3. Apparatus for automatic measuring of successive quantities of owable material comprising a measuring device having a material receiving pan and an element movable as a function of the quantity of material on said pan, a supply conduit cooperating with said pan to supply material thereto, a shiftable valve in said conduit arranged to have a predetermined position for each position of said movable element thereby to control the rate of material ilow through said conduit, a iiuid pressure cylinder for shifting said valve, a rst signal generating device connected to said movable element to produce a first signal which is a function of the'position of said movable element, a second signal generating device connected to said valve to produce a second signal which is a function of the position of said valve, means for comparing said rst and second signals to produce an error signal whenever said first and second signals depart from the predetermined position relation between said valve and movable element, a shiftable, double acting fluid supply valve connected to said pressure cylinder, and means forv shifting said uid supply valve as a function of said error signal to actuate said pressure cylinder in a direction to reduce said error signal to zero, whereby said valve will maintain the predetermined relation between said valve and movable element.

4. Apparatus for automatic measuring of successive quantities of flowable material comprising a measuring device having a material receiving pan and an element movable as a function of a quantity of material on said pan, a supply conduit cooperating with said pan to supply material thereto, a shiftable valve in said conduit arranged to have a predetermined position for each position of said movable element thereby to control the rate of material iiow through said conduit, a fluid pressure cylinder for shifting said valve, a rst selsyn generator having its rotor movable with said valve, a second selsyn generator having its rotor movable with said movable element, a diierential selsyn motor electrically connected between said first and second selsyn generators, thereby producing an error movement of the rotor of said motor as a function of the relative movement of said material flow valve and said movable element, and a double acting, fluid supply valve controlled by said motor rotor to actuate said pressure cylinder in a direction to reduce said error movement to zero.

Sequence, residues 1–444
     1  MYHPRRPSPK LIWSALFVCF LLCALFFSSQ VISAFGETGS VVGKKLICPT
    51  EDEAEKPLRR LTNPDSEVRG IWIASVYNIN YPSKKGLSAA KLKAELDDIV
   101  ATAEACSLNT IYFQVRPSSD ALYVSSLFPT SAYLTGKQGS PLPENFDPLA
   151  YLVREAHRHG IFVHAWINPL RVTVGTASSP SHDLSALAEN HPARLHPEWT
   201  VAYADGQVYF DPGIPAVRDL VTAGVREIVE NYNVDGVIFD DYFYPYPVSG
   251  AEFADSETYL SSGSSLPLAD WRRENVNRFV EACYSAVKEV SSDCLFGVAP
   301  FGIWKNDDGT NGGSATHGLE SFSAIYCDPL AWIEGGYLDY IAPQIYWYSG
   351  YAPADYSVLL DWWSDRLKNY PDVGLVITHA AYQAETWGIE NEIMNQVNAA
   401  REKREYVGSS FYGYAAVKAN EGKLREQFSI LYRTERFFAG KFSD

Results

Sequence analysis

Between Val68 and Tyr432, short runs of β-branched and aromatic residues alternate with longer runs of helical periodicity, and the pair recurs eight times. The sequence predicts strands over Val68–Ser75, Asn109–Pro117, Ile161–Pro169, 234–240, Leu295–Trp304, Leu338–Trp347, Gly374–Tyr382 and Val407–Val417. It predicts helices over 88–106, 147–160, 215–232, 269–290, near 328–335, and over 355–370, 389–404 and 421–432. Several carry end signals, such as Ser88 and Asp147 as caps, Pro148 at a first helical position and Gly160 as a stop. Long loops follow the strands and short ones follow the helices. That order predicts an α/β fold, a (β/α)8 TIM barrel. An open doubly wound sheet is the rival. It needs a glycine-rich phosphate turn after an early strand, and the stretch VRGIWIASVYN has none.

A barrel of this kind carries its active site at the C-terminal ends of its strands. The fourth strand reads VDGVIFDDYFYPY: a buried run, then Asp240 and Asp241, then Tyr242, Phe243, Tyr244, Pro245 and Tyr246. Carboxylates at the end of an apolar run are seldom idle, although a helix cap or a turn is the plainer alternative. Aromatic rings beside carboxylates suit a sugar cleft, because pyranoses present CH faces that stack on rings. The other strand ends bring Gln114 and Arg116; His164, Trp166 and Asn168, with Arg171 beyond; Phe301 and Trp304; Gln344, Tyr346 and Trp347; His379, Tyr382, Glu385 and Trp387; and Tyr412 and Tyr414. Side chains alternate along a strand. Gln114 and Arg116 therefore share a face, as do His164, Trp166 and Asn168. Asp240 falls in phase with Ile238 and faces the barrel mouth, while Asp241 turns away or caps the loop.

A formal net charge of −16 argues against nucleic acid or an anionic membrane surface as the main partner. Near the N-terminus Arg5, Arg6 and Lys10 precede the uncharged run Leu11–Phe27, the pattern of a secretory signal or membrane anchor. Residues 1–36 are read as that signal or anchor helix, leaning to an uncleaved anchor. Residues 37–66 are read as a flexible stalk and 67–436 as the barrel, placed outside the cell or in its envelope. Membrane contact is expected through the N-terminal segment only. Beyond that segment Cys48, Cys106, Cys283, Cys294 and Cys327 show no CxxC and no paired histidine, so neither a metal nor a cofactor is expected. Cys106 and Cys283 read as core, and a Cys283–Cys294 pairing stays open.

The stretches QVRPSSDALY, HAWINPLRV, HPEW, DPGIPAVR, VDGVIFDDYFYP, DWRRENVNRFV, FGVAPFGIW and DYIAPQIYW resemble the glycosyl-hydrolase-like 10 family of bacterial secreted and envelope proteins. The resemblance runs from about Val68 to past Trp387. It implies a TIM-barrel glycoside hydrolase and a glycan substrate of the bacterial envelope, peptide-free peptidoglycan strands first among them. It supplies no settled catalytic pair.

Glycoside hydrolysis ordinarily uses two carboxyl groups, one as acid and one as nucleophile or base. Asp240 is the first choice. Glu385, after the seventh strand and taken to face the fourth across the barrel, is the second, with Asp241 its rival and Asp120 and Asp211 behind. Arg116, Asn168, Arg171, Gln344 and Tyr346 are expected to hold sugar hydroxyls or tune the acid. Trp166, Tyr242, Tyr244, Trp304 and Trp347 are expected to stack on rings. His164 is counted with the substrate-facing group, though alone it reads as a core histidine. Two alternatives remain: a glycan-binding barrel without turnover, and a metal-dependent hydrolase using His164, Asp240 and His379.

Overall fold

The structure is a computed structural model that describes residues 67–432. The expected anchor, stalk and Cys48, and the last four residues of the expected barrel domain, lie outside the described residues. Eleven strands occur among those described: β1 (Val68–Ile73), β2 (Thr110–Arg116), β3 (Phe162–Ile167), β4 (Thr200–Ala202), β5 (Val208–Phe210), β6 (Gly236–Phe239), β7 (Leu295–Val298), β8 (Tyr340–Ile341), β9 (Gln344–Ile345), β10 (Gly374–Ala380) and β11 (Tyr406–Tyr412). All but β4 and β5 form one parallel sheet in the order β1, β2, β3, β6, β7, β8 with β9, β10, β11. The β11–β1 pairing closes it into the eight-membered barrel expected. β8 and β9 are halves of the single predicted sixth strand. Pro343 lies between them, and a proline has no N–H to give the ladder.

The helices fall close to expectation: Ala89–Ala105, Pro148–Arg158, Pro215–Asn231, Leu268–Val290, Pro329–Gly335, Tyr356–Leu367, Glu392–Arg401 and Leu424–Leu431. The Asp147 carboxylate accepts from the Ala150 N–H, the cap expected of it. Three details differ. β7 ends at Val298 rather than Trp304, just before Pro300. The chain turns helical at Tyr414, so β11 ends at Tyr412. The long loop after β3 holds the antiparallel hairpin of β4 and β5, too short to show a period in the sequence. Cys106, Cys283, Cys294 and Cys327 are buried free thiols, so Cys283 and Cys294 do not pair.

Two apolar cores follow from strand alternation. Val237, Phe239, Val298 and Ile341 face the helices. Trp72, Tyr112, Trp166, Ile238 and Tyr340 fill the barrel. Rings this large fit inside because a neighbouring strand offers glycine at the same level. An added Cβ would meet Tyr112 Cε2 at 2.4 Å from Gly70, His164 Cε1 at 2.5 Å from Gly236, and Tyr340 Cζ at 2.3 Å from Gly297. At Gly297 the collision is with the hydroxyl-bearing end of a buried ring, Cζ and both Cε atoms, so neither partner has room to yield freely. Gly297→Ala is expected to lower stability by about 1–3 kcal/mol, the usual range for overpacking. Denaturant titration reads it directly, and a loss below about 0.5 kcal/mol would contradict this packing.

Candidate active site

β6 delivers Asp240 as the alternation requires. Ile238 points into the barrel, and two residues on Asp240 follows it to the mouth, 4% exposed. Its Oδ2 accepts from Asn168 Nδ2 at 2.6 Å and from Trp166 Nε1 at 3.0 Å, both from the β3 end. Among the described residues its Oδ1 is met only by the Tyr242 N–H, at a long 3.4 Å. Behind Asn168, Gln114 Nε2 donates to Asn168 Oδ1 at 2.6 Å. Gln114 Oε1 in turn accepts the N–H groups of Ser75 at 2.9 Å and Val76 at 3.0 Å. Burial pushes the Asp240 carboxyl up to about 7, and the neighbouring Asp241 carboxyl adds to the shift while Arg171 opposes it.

5. Apparatus for automatic measuring of predetermined lots of flowable material comprising a measuring device having a material receiving pan and an element movable as a function of the quantity of material on said pan, means for sup- -plying material to said pan, a shiftable valve construction in the path of flow of said material arranged to have a predetermined position for each position of said movable element thereby to control the rate of material ow to said pan, a first movable switch contact, means for moving said rst contact proportionately with said movable element, a second switch 4contact movable along the same path as said rst switch contact, means for moving said second contact proportionately with said valve, whereby said first and second contacts are engaged by relative movements of said movable element and said valve, an electric motor for shifting said valve, and means for energizing said motor in response to engagement of said contacts to shift said valve in a direction to disengage said contacts.